- Existence of a single large minority interest in the combined entity - the acquirer is usually the entity whose single owner or organised group of owners holds the largest minority voting interest in the combined entity, if no other owner or organised group of owners has a significant voting interest.
- Composition of the governing body of the combined entity - the acquirer is usually the entity whose owners have the ability to elect or appoint
or remove a majority of the members of the governing body of the combined entity.
- Senior management of the combined entity - the acquirer is usually the entity whose (former) management dominates the combined management.
- Terms of the exchange of equity interest - the acquirer is usually the entity that pays a premium over the pre-combination fair value of the equity interest of the other combining entity or entities.
It is important to note there is only ever one acquirer in a business combination. In those that involve more than two entities, it is important to consider which entity initiated the combination and the relative size of the combining entities.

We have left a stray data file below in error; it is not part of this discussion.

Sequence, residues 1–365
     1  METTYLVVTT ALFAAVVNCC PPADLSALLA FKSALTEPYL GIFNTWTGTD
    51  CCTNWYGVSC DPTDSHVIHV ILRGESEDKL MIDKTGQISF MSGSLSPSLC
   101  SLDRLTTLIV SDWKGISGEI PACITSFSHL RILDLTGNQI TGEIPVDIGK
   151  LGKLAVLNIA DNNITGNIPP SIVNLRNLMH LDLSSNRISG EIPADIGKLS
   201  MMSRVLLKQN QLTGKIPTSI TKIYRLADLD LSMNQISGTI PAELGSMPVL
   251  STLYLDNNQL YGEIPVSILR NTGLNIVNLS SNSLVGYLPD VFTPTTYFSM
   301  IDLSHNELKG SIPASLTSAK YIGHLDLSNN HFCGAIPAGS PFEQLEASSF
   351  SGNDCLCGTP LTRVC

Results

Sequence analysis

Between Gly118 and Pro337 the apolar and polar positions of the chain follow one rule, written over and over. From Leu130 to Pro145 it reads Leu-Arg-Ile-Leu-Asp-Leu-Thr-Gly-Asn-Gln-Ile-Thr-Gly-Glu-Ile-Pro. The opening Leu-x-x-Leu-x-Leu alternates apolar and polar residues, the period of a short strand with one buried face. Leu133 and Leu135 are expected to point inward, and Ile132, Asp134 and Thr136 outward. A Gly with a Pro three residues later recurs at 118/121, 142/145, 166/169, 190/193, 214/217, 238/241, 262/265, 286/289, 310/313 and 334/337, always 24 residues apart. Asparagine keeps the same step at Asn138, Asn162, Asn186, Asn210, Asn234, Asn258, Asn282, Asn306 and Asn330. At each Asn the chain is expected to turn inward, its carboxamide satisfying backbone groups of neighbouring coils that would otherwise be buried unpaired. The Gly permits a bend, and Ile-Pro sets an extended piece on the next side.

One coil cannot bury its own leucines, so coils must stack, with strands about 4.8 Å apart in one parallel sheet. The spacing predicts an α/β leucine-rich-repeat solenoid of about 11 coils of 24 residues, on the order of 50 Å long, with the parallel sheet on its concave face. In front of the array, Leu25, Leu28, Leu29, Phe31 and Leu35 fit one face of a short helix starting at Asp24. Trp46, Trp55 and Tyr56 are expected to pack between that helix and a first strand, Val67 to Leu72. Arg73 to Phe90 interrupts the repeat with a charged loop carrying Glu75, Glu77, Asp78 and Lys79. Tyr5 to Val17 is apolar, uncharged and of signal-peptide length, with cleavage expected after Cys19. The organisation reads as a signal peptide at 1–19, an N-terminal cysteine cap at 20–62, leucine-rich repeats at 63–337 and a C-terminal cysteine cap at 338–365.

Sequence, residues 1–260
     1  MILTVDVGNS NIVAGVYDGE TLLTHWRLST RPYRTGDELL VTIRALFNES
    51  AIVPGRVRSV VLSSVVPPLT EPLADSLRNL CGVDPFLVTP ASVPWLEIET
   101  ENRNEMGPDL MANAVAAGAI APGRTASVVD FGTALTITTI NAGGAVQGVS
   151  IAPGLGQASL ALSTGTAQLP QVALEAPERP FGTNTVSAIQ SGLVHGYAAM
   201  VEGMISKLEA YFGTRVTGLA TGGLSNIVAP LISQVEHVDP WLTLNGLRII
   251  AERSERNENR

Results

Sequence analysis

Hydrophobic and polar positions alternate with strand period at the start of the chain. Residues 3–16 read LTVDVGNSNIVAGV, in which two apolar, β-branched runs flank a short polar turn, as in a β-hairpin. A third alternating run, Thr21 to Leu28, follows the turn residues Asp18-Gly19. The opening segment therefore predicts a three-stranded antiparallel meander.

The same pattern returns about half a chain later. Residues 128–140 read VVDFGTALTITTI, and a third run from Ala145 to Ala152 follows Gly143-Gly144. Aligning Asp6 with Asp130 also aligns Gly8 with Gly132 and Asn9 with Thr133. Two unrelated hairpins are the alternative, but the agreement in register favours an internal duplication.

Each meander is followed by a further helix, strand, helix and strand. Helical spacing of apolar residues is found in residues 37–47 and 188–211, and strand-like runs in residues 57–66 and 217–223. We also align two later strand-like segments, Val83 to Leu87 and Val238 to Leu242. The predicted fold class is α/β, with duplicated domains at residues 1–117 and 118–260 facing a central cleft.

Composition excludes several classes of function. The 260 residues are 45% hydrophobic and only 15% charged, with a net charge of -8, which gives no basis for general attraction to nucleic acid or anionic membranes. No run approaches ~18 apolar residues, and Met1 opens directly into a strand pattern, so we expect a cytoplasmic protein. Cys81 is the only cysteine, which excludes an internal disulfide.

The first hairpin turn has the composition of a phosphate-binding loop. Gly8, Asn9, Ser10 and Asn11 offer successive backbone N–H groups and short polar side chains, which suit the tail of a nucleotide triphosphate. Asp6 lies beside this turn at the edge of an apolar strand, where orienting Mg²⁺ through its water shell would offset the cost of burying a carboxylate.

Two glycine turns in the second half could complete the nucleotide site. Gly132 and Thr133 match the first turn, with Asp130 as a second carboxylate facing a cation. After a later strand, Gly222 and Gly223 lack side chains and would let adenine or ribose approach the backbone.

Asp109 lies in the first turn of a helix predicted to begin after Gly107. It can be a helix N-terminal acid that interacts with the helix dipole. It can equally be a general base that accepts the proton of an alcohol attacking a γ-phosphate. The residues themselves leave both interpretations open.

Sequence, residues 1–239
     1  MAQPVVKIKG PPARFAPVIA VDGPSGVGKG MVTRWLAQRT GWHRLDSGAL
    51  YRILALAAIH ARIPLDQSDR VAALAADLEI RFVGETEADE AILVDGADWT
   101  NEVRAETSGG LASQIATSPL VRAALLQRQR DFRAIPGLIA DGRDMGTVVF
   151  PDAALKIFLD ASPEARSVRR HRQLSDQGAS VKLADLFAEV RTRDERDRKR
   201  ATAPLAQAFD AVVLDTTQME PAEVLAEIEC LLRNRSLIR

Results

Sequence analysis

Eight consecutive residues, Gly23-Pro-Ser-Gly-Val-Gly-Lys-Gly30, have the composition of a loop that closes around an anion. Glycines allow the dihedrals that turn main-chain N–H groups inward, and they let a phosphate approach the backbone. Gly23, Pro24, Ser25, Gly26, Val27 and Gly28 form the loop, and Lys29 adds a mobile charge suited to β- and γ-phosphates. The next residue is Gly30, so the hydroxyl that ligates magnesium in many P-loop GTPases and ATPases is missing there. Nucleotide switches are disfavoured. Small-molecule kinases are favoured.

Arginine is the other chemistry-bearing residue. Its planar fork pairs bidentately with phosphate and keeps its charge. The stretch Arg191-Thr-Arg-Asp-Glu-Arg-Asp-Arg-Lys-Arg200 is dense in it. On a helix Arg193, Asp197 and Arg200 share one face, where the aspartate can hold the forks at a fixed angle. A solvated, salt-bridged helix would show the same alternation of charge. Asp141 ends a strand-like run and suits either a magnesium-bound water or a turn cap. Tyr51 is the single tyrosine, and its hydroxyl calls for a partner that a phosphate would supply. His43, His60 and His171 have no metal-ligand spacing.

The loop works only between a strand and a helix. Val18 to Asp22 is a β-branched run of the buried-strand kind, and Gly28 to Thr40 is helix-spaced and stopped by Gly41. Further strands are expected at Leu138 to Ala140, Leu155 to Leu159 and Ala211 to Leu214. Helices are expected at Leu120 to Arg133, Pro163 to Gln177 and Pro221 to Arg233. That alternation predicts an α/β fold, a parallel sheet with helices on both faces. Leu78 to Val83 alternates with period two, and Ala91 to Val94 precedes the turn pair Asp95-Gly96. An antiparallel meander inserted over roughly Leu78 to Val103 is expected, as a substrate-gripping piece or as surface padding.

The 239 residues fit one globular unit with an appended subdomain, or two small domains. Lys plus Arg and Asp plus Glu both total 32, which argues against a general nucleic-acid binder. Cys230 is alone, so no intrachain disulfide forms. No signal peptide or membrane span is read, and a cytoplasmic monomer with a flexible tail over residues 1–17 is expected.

Another common situation where the process of identifying the acquirer requires some in-depth analysis is when shares are exchanged, and the result is that the accounting acquirer is not the legal acquirer. Normally it is the entity who issues shares to acquire a business who obtains the control of the business it acquired. It is then identified as the acquirer. However, it could happen that following the issuance of the shares by the entity (legal acquirer), it is instead the legal subsidiary that is identified as the acquirer. These are known as reverse acquisitions.